As these domestic developments unfold, the songs of Harnick and Bock overlay multidimensional meanings: in the rethinking of marriage from a girl’s dream come true to a high-stakes gamble in “Matchmaker, Matchmaker”; in the contemplation of affluence that a poor man can never hope to have in “If I Were a Rich Man”; in the epic significance of becoming engaged to the woman you love in “Miracle of Miracles,” beautifully rendered by Joshua Morgan. There’s a reason for generations Fiddler’s songs have left an indelible impression on its audiences, and in the expressive singing of this cast they are as inspiring as ever.

Now add the choreography of Parker Esse, who has become a singular expert in converting classic two-dimensional choreography into circular dances that make the Fichlander’s nosebleed seats some of the best for viewing the masterfully integrated movements of the cast. His work retains Jerome Robbins’ signature bracketed arms, finger clicking, kicking and stomping adapted from authentic Jewish and Russian folk dancing, while infusing them with athleticism and grace that mesmerize audiences watching from every side of the stage.  

Still, Fiddler would be almost quaint were it not for the ominous undercurrent of more dangerous social change, evinced in Perchik’s rebellion and ultimate imprisonment in Serbia, and the local constable’s warnings to Tevye about the pogrom and eventual eviction to come.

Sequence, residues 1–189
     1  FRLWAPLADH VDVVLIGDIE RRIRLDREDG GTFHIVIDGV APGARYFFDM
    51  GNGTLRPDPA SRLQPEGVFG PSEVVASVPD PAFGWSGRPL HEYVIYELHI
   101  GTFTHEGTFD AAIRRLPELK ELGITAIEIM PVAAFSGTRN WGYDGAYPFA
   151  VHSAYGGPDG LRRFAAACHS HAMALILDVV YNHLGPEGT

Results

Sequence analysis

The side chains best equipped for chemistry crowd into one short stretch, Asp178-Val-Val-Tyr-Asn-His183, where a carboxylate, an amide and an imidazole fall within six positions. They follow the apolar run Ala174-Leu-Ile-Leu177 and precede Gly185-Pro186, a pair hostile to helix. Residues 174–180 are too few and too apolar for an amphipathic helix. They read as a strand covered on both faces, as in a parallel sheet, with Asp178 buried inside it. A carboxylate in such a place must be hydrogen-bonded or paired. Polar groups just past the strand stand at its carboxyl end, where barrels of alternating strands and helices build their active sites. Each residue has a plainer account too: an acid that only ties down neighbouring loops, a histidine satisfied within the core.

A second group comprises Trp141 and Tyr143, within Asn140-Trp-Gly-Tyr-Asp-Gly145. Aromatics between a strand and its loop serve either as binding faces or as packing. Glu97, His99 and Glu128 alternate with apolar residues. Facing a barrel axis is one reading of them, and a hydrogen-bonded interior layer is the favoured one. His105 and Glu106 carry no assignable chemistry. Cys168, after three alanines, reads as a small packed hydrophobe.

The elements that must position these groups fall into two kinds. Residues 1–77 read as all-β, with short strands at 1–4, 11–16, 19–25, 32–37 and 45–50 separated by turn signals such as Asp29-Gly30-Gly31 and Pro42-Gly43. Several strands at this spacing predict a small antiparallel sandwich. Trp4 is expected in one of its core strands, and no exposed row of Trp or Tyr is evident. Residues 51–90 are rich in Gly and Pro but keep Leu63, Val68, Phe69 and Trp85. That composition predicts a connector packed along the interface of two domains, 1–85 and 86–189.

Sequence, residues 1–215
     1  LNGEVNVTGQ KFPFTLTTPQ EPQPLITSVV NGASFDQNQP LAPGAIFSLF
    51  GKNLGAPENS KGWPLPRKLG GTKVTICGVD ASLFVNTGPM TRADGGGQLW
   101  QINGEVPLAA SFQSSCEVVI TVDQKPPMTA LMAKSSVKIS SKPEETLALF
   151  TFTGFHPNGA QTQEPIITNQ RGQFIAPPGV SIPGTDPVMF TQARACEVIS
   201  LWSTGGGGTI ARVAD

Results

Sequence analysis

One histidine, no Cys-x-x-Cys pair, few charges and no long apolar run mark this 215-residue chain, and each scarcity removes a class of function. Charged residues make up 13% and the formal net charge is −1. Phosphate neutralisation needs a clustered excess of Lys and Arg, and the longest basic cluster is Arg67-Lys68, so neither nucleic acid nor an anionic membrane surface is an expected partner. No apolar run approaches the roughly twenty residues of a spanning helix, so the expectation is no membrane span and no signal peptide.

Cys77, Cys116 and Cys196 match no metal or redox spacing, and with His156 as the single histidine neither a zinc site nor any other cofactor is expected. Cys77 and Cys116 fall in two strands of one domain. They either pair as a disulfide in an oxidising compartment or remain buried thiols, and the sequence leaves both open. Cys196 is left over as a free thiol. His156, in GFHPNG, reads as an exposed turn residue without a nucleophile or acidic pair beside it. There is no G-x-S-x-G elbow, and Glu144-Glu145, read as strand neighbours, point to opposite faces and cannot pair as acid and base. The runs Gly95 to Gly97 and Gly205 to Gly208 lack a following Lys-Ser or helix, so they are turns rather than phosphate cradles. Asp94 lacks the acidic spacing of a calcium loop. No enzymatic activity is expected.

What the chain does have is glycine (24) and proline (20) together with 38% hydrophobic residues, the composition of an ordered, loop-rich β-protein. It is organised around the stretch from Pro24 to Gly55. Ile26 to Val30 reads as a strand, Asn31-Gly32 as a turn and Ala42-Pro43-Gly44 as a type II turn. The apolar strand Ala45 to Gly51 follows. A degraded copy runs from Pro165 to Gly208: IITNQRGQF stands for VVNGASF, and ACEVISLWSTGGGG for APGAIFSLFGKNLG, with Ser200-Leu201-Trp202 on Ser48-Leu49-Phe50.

When the constable asks Tevye, “How much time do you need to sell your house and all your household goods?,” Tevye replies, “Why should I sell my house? Is it in anybody’s way?” Of course not; nor does it have any value. And this is what makes the play so intensely relevant no matter when it’s produced. Instead of focusing on a more notorious genocide that can so easily be placed in a time capsule with a label of “Never again!,” Fiddler is about the kind of oppression that barely earns a footnote in American history books. It’s gone on for thousands of years, and it goes on today, whenever innocent people without money or power are driven from their homes for no other reason than because of who they are. 

As they pack their bags and begin their separate journeys, all of the villagers pay tribute to their shtetl, singing lovingly of “underfed, overworked Anatevka.” But finally, in a declaration of both resignation and hope, Golde brings herself to say, “Eh, it’s just a place.” By showcasing the particular charms and universal qualities of this village and the people who made it their home, Arena movingly recreates every home ever lost, and all of the homes yet to be found.

Fiddler on the Roof, Arena Stage at the Mead Center for American Theater through January 4, 2015

Jonathan Hadary as Tevye and the company of Fiddler on the Roof.
(L to R) Hannah Corneau as Hodel, Dorea Schmidt as Tzeitel and Maria Rizzo as Chava in Fiddler on the Roof.

Barbara Wells is a writer and editor for Reingold, a social marketing communications firm. She and her husband live on Capitol Hill.